So what did we do by making things faster and more convenient for cars? Parents became afraid to allow their kids to walk and bike and chose not to which created a negative feedback loop resulting in everyone deciding to simply give up and drive. In turn, childhood obesity rates have tripled in the last 30 years and the actual safety of the area decreased. A small neighborhood street became a thoroughfare. So how do we change things? Actually, the fact that we overbuilt our road systems gives us an opportunity to introduce a “complete street” option that returns parity to multiple modes of transit and doesn’t give priority to any single mode. First we have to define our goals, and with a school present it becomes simple: increase safety, increase walkability/bikability. Next we have to find out what is unsafe. Parents have already told us this: too many cars. As volunteers we noted that drivers are easily distracted in the area as well (texting, calling, radio, etc.). Below is our Good, Better, Best solution that remedies the problems, with the latter actually enticing people to walk/bike more.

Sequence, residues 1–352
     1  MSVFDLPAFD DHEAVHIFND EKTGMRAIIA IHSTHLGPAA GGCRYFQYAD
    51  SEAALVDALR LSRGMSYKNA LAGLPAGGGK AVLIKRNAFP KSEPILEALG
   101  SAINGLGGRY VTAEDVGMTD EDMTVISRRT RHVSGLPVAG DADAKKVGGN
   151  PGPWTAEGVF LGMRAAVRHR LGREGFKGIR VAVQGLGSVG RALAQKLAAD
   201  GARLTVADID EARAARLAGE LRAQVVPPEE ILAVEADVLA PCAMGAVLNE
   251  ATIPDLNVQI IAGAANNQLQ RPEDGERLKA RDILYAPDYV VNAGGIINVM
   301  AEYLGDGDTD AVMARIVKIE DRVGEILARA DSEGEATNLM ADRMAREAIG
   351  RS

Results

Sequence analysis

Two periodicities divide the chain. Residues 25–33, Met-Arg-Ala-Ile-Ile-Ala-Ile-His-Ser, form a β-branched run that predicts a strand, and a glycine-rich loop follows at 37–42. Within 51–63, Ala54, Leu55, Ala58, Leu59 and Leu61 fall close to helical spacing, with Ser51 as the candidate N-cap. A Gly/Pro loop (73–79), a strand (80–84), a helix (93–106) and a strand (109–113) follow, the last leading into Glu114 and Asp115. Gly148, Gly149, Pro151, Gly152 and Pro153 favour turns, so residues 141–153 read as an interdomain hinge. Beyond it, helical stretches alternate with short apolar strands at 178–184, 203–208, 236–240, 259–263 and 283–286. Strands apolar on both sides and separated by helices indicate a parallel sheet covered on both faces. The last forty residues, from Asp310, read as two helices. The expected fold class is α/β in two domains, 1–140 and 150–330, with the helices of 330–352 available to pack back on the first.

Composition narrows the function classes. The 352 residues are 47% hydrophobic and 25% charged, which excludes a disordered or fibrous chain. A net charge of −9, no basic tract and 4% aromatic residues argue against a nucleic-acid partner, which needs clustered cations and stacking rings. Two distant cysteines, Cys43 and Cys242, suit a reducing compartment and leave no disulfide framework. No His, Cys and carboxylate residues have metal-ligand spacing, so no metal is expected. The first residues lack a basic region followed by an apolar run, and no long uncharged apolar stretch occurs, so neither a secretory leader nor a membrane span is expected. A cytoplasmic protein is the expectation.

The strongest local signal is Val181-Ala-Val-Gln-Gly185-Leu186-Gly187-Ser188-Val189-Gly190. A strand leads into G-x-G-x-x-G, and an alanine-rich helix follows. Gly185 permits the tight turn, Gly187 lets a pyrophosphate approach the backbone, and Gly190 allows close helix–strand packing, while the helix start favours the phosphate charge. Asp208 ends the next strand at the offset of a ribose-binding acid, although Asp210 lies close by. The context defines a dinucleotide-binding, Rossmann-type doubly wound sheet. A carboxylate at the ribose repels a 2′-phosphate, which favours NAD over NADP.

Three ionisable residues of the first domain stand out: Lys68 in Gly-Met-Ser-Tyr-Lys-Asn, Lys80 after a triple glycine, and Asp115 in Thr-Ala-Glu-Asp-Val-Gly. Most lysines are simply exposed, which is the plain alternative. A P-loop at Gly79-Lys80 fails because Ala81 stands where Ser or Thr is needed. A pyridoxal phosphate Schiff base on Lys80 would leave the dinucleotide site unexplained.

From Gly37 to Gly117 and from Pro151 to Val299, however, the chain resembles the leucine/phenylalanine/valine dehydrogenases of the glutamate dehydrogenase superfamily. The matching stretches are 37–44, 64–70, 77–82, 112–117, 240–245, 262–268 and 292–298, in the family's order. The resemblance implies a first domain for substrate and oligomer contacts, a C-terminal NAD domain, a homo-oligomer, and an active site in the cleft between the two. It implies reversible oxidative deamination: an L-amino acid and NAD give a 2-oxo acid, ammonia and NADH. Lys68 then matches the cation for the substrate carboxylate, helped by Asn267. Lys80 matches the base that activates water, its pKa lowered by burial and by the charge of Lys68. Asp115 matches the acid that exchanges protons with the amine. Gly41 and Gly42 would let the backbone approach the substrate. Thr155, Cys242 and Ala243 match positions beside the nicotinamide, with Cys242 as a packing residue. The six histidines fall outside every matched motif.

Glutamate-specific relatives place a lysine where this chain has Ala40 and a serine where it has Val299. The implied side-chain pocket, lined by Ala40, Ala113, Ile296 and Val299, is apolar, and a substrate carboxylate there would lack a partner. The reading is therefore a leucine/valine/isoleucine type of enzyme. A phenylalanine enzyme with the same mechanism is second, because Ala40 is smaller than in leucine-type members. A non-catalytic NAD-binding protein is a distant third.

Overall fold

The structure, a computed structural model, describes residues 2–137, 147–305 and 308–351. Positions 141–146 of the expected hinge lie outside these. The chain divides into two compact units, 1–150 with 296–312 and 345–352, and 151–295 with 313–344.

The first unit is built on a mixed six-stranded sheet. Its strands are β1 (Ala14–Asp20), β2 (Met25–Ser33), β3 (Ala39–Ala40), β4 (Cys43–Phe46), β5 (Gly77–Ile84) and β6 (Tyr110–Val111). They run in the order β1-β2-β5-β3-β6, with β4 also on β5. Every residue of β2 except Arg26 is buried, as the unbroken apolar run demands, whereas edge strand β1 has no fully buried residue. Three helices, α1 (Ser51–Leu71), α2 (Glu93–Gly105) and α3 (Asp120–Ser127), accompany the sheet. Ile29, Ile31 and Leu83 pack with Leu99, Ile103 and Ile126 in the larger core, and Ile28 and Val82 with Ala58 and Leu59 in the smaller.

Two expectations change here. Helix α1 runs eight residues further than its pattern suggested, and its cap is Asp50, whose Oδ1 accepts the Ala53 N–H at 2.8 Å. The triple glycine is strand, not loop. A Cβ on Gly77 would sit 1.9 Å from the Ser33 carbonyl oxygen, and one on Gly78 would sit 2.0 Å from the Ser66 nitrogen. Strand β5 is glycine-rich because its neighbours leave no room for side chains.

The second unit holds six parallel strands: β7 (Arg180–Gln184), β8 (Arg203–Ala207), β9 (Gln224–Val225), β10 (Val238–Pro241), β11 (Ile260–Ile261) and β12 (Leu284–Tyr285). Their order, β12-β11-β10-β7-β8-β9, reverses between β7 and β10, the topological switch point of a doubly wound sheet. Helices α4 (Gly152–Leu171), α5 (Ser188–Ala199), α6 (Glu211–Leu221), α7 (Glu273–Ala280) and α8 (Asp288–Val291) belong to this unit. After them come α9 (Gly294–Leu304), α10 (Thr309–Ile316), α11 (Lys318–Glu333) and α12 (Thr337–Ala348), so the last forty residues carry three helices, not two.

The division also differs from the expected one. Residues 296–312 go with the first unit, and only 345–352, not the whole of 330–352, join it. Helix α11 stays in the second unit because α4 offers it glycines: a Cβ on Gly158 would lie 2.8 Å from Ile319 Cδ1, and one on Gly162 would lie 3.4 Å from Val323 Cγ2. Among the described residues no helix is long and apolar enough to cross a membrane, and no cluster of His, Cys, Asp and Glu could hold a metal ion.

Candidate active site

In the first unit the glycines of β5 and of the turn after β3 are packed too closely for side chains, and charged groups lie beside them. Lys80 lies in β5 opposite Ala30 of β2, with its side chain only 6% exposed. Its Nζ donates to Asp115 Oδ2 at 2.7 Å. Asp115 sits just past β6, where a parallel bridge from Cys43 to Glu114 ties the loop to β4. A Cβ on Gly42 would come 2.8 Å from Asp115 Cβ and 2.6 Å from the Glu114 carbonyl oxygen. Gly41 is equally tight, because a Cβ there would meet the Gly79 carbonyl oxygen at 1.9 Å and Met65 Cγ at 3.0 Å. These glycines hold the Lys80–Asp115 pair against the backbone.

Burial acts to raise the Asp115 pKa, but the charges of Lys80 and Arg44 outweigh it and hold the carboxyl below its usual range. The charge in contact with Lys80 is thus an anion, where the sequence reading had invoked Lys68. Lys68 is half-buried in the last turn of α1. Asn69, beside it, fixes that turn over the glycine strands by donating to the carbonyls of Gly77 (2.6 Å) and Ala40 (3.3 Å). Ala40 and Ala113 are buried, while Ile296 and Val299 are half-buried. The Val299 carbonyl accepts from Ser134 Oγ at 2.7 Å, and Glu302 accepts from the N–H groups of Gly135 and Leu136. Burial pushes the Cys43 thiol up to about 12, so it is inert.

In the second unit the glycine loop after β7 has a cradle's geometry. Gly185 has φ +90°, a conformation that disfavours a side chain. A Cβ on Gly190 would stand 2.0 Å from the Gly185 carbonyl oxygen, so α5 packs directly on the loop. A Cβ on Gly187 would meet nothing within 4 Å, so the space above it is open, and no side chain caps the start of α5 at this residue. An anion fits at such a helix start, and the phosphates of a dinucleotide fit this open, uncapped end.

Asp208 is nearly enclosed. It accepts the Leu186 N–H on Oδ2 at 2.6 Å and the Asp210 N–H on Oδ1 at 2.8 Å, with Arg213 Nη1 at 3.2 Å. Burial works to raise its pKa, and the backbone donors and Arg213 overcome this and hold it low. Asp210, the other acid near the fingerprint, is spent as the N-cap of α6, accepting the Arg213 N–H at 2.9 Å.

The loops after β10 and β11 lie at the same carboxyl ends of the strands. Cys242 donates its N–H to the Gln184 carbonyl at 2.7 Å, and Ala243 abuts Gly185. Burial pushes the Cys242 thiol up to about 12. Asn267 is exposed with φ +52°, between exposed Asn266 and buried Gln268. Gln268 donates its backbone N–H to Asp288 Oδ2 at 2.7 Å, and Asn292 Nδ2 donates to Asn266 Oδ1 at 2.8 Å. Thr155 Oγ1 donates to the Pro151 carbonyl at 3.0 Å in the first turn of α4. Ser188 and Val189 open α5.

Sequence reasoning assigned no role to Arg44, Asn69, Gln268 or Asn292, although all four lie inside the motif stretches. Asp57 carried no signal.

Good: In this example, the road has been thinned by adding a bike lane. The thinning of a street naturally calms the road and makes drivers slow down. This option is inexpensive to implement (paint only), lowers the long term maintenance costs of the street (every additional lane increases costs for resurfacing, striping, etc), and allows for safer crossing by pedestrians.